Appeal from decree of Court of Common Pleas No. 3 of Philadelphia County, Sept. T., 1959, No. 1262, in case of Yoo Hoo Bottling Company of Pennsylvania, Inc. et al. v. Arthur M. Leibowitz et al.
Laurence H. Eldredge, with him Roger A. Johnsen, for appellants.
Tyson W. Coughlin, with him Lester H. Novack and Marvyn Gould, for appellees.
Bell, C. J., Musmanno, Jones, Cohen, Eagen, O'Brien and Roberts, JJ. Mr. Justice Jones, Mr. Justice Cohen and Mr. Justice Roberts concur in the result. Mr. Justice Musmanno did not participate in the decision of this case.
This is an appeal by the plaintiffs from the decree of the Court of Common Pleas No. 3 of Philadelphia
County. That decree awarded the plaintiff Max Ostroff $3,000 as against the defendant, Bireley's Beverage Company. It found in favor of all three defendants on all other claims made by the plaintiffs.
Inasmuch as, contrary to the rules of this Court, neither enumerated findings of fact nor an adjudication was made by the Chancellor at the time he rendered his decree nisi, there were no findings which the court en banc could affirm. The normal standard of review in an equity proceeding that the findings of a Chancellor, affirmed by a court en banc, have the effect of a jury verdict and, if based on sufficient evidence, will not be disturbed on appeal, is thus inapplicable here. We must make an independent review of the record. Idell v. Falcone, 427 Pa. 472, 235 A.2d 394 (1967).
Briefly, plaintiffs charge all three defendants with fraud.*fn1 The law is clear that fraud must be established by evidence that is clear, precise, and convincing. Carlson v. Sherwood, 416 Pa. 286, 206 A.2d 19 (1965). The evidence against defendant Arthur Dennis, and that against defendant Bireley's Beverage Company of Philadelphia falls far short of that standard of proof. The decree ordering Bireley's to pay Ostroff $3,000 and dismissing all other claims against Dennis and Bireley's is affirmed. We should point out that inasmuch as Ostroff's attempted rescission of his contract with Bireley's for fraud was ineffective, he is entitled to the five percent of Bireley's issued stock which he was given.*fn2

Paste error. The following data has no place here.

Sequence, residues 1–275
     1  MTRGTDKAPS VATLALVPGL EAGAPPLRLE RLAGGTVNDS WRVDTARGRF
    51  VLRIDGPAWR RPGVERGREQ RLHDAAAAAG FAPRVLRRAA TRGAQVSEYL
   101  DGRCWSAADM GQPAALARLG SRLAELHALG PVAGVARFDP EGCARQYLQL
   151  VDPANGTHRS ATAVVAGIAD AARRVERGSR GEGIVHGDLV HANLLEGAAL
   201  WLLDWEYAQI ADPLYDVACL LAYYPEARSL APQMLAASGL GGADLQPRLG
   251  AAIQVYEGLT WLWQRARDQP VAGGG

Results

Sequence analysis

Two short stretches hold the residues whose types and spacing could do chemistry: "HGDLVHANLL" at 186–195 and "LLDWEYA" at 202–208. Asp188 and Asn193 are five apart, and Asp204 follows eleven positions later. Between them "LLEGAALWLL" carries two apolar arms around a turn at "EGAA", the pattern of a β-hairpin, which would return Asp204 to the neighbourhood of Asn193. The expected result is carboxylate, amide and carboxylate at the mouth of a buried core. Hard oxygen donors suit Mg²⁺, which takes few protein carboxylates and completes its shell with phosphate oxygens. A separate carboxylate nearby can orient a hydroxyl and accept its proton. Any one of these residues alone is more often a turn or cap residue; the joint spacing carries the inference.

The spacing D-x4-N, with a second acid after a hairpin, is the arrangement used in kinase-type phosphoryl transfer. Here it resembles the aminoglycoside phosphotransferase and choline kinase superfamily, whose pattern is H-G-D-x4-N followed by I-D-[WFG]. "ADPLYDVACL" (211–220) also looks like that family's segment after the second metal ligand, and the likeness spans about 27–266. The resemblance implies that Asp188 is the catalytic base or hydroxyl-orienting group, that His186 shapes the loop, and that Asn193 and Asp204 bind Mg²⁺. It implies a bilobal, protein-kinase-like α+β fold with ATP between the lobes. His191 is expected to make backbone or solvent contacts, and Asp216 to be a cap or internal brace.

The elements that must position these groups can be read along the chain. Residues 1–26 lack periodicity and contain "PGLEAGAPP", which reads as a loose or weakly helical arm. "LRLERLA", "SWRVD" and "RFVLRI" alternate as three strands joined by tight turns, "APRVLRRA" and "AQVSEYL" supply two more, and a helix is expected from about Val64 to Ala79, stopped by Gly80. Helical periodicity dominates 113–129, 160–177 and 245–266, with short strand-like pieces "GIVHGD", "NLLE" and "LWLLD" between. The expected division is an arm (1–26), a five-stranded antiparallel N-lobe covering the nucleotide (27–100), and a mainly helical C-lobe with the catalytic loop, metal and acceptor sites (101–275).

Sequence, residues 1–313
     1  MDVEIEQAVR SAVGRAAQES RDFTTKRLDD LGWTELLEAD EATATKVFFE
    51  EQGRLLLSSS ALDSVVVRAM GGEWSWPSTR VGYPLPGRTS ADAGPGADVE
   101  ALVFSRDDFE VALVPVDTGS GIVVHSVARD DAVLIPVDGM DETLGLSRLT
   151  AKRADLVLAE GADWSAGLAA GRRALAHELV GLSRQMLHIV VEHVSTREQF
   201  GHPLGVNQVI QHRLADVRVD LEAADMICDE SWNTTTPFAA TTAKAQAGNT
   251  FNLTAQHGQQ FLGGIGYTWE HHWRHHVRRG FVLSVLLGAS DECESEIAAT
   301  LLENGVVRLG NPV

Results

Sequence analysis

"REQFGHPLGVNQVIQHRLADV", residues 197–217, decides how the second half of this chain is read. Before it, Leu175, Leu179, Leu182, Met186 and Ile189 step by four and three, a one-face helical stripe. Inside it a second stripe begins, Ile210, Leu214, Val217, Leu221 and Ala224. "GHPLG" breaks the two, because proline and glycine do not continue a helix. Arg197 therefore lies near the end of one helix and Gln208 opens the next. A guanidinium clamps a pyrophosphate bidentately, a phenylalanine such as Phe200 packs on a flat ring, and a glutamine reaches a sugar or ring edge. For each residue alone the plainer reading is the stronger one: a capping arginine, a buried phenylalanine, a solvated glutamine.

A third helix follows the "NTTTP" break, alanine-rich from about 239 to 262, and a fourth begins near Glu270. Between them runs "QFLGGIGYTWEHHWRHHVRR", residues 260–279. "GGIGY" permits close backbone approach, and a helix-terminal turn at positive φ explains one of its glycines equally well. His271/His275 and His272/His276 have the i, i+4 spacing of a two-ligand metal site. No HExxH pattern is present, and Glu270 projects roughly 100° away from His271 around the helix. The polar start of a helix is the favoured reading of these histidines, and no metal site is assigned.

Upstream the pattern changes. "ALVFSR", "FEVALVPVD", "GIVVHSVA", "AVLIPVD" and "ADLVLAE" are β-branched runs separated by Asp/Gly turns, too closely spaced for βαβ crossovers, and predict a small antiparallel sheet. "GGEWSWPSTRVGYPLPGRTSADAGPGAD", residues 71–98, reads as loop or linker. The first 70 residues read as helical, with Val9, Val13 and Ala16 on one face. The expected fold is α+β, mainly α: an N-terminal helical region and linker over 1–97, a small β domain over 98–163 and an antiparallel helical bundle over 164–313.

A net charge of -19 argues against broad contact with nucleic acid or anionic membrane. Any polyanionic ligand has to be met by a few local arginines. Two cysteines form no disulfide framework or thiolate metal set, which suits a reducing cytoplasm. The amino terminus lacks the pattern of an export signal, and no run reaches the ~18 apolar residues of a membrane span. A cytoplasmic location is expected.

As to defendant Leibowitz, although we join in the Chancellor's condemnation of his bookkeeping methods, the requisite proof of fraud is also lacking, except in one respect. The evidence is clear to us that he embezzled from the Yoo Hoo Corporation those funds represented by checks drawn on the corporation, issued to various people whose endorsements Leibowitz forged, and used for personal debts of Leibowitz.*fn3 Although the complaint prays for an accounting, we agree with the Chancellor that, in view of the state of the books, an accounting is impossible. However, the corporation is certainly entitled to recover damages it suffered as a result of these forged endorsements. Therefore, the decree in favor of Leibowitz is affirmed only in part. It is reversed in part, and the record is remanded to the court below, where opportunity should be granted the ...